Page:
The report said that as the number of ACEs increases, so does the risk for things like alcohol abuse, chronic disease, poor work performance, financial stress, domestic violence, suicide and poor academic achievement, to name a few. It also found that people with six or more ACEs died nearly 20 years earlier than those without ACEs.

Kentucky just started surveying for ACEs on its 2015 Behavioral Risk Factor Survey. The poll found that 59 percent of Kentucky adults had experienced one or more ACEs, 64 percent had two or more and 17.5 percent had experienced four or more, higher than any other state that surveys for ACEs.

Kentucky's survey found similar results as the original national study, showing that the more ACEs a Kentucky adult had, the more likely he or she was to have smoked cigarettes, use and abuse alcohol use, bear or father children in their teens, attempt suicide during adolescence, have chronic depression as an adult, have impaired work performance, and have many chronic diseases.

"So this is an issue that I think we all need to be cognizant of so that we are not asking people what's wrong with you, but we start to think what happened to you and how did you get where you are right now," White said, noting that it is never too late for a person to learn how to be more resilient.

She added: "We can't go back and fix what's happened, but we can work on trying to figure out where people are coming from and how we can help them be better."

Saturday, March 25, 2017

Louisville's Our Lady of Peace opens first retail pharmacist-operated, long-acting injection clinic; will mostly treat opioid abuse

                               Insider Louisville photo
Kentucky is again leading the nation in finding ways to combat the opioid epidemic, as Louisville's Our Lady of Peace has become the nation's first behavioral health care center to open a retail pharmacist-operated, long-acting injection clinic, Joe Sonka reports for Insider Louisville.

Pharmacists at the clinic will provide monthly shots of long-acting medications to help patients with opioid addiction and schizo-affective disorders, and the director told Sonka that they will soon be able to provide Vivitrol shots to patients who come in with a prescription for it.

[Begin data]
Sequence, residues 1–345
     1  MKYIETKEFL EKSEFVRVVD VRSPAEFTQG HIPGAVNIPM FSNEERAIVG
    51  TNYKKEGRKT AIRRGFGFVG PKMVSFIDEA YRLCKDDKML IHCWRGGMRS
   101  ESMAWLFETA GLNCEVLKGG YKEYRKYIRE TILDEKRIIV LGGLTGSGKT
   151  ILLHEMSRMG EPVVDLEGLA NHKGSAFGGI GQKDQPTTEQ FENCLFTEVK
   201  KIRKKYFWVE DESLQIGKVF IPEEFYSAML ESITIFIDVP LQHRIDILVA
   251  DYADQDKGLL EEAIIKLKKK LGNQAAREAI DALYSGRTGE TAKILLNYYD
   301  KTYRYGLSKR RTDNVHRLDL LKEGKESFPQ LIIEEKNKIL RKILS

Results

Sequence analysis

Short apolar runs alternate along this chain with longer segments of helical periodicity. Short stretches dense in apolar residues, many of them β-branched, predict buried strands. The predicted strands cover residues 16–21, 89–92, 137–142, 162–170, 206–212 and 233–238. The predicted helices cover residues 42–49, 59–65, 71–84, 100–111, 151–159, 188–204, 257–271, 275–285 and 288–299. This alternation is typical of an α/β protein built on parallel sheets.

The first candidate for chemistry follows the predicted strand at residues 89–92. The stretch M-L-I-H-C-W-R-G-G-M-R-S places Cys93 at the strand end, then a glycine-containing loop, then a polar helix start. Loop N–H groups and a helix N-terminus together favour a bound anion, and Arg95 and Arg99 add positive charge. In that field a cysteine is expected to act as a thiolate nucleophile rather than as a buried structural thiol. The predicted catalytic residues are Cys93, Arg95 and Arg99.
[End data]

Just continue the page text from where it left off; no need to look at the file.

Vivitrol is a compound used to thwart addictions to opioids such as heroin. It contains a non-addictive drug that blocks the opioid from attaching to brain receptors, thus blocking its euphoric effects. The long-acting shots remain in a patient's system for 30 days.

“We’re excited about our new clinic and we’re hoping that we can make a difference in people’s lives who are undergoing addiction,” Steve Cummings, director of the new clinic, told Sonka. “And hopefully that 30 days of sobriety that the Vivitrol shot allows the patient to have will allow them to show up for behavioral health care outpatient therapy sessions sober and alert and more engaged with what they’re trying to do or not do.”

Pharmacists at the clinic will also be able to administer up to six different long-acting anti-psychotic medications for patients with schizo-affective disorders, Sonka reports.

Cummings told Sonka that the monthly shots have greater success in patients with schizo-affective disorders because these patients often stop taking their daily oral medication when their hallucinations subside, which can lead to relapse and hospitalization.

The clinic will also provide immunizations for HPV, tetanus, hepatitis B and other diseases.

Cummings estimated that pharmacists at the new clinic will be able to administer 20 to 25 shots in an eight-hour shift, and that most patients will be receiving Vivitrol.

The clinic will also hire a medication access coordinator, who will help patients and prescribers navigate the "challenges of insurance coverage and reimbursement when it comes to medication-assisted treatment," Sonka writes.

Sonka explained that one shot of Vivitrol can cost more than $1,000, and though it is covered by Medicaid and certain private insurance companies, obstacles such as prior authorization and frequent denial of claims, often keep patients from getting it.

The coordinator will also help patients schedule accompanying therapy or counseling, make sure they schedule their next injection appointment and will provide follow-up services to make sure they don't miss appointments.

Our Lady of Peace is part of the KentuckyOne Health system.

Thursday, March 23, 2017

Health officials and advocates list Kentucky's top 5 health issues, including one newly identified: adverse childhood experiences

About 125 people worked on the state health assessment at the
Kentucky History Center in Frankfort on Wednesday, March 22.
By Melissa Patrick
Kentucky Health News

A group of about 125 people spent March 22 with officials from the Kentucky Department of Public Health to prioritize the top health issues in the state, and after a long, deliberate process decided they were substance abuse, obesity, tobacco, health-care access and adverse childhood experiences.